Information about officers and directors as well as owners of 20 percent or more of the company; and
Certain related-party transactions.
In addition, companies relying on the crowdfunding exemption would be required to file an annual report with the Commission and provide it to investors.
A funding portal would be required to register with the Commission on new Form Funding Portal, and become a member of a national securities association (currently, FINRA). A company relying on the rules would be required to conduct its offering exclusively through one intermediary platform at a time.
The recommended rules would require intermediaries to, among other things:
Provide investors with educational materials that explain, among other things, the process for investing on the platform, the types of securities being offered and information a company must provide to investors, resale restrictions, and investment limits;
Take certain measures to reduce the risk of fraud, including having a reasonable basis for believing that a company complies with Regulation Crowdfunding and that the company has established means to keep accurate records of securities holders;
Make information that a company is required to disclose available to the public on its platform throughout the offering period and for a minimum of 21 days before any security may be sold in the offering;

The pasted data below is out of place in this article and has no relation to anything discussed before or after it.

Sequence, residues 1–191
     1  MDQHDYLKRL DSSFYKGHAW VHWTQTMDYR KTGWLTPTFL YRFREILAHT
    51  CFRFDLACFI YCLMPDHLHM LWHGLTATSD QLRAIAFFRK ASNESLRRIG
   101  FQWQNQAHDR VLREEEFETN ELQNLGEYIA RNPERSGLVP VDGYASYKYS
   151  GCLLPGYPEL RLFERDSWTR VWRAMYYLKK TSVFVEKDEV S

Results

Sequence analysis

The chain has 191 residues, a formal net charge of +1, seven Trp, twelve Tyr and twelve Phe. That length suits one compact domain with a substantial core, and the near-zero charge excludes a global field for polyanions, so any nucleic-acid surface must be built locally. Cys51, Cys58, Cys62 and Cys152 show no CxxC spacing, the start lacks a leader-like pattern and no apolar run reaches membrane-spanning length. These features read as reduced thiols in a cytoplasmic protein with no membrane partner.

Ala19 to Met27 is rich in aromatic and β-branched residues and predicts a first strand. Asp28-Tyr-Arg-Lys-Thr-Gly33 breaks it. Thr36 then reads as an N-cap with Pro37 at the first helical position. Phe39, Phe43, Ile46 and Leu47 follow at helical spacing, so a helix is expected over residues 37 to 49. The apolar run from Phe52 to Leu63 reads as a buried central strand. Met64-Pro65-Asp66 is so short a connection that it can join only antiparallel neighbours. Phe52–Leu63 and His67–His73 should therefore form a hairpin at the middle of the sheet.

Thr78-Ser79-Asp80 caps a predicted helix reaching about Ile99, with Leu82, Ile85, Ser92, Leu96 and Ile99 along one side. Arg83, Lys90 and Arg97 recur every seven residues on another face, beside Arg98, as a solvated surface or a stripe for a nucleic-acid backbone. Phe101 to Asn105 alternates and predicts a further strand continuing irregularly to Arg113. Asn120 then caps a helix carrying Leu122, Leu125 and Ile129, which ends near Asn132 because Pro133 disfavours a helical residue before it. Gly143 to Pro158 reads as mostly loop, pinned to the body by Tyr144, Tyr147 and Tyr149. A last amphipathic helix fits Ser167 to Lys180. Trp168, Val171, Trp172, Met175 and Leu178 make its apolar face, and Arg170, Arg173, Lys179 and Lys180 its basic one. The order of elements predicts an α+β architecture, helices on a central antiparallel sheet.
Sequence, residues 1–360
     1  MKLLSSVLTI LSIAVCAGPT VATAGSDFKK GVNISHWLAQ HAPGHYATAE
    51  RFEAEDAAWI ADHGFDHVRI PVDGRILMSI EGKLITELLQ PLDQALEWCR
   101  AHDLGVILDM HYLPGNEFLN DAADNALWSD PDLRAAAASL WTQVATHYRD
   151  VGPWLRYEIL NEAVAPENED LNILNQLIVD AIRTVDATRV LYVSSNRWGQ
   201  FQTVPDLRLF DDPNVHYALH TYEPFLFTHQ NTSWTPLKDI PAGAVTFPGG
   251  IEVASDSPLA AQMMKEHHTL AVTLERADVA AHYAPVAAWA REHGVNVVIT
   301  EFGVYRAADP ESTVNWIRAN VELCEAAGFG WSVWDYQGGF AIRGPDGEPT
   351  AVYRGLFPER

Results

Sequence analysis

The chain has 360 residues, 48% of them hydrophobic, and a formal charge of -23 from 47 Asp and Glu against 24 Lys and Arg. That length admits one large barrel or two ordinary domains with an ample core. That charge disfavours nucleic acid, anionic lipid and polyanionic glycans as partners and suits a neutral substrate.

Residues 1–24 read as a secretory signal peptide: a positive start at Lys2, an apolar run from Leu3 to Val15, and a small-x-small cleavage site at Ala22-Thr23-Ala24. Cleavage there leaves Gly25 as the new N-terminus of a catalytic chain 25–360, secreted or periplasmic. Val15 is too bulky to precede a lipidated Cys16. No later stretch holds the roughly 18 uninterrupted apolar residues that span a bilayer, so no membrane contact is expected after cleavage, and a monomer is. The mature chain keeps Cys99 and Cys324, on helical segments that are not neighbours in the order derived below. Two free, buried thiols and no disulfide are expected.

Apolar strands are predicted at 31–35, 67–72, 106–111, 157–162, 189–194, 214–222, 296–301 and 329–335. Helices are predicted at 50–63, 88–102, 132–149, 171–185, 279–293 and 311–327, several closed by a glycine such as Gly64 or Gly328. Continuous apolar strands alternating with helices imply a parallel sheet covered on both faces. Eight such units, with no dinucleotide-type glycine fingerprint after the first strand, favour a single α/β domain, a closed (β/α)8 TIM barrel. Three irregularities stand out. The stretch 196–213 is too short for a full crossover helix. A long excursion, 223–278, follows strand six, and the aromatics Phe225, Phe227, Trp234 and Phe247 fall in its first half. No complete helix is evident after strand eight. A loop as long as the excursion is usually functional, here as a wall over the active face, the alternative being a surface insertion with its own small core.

Provide communication channels to permit discussions about offerings on the platform;
Provide disclosure to investors about the compensation the intermediary receives;
Accept an investment commitment from an investor only after that investor has opened an account;
Have a reasonable basis for believing an investor complies with the investment limitations;
Provide investors notices once they have made investment commitments and confirmations at or before completion of a transaction;
Comply with maintenance and transmission of funds requirements; and
Comply with completion, cancellation and reconfirmation of offerings requirements.
The rules also would prohibit intermediaries from engaging in certain activities, such as:
Providing access to their platforms to companies that they have a reasonable basis for believing have the potential for fraud or other investor protection concerns;
Having a financial interest in a company that is offering or selling securities on its platform unless the intermediary receives the financial interest as compensation for the services, subject to certain conditions; and
Compensating any person for providing the intermediary with personally identifiable information of any investor or potential investor.
Regulation Crowdfunding would contain certain rules that are specific to registered funding portals consistent with their more limited activities than that of a registered broker-dealer. The rules would prohibit funding portals from, among other things: offering investment advice or making recommendations; soliciting purchases, sales or offers to buy securities; compensating promoters and other persons for solicitations or based on the sale of securities; and holding, possessing, or handling investor funds or securities.
The rules would provide a safe harbor under which funding portals could engage in certain activities consistent with these restrictions. The rules also would require funding portals to maintain certain books and records related to their transactions and business.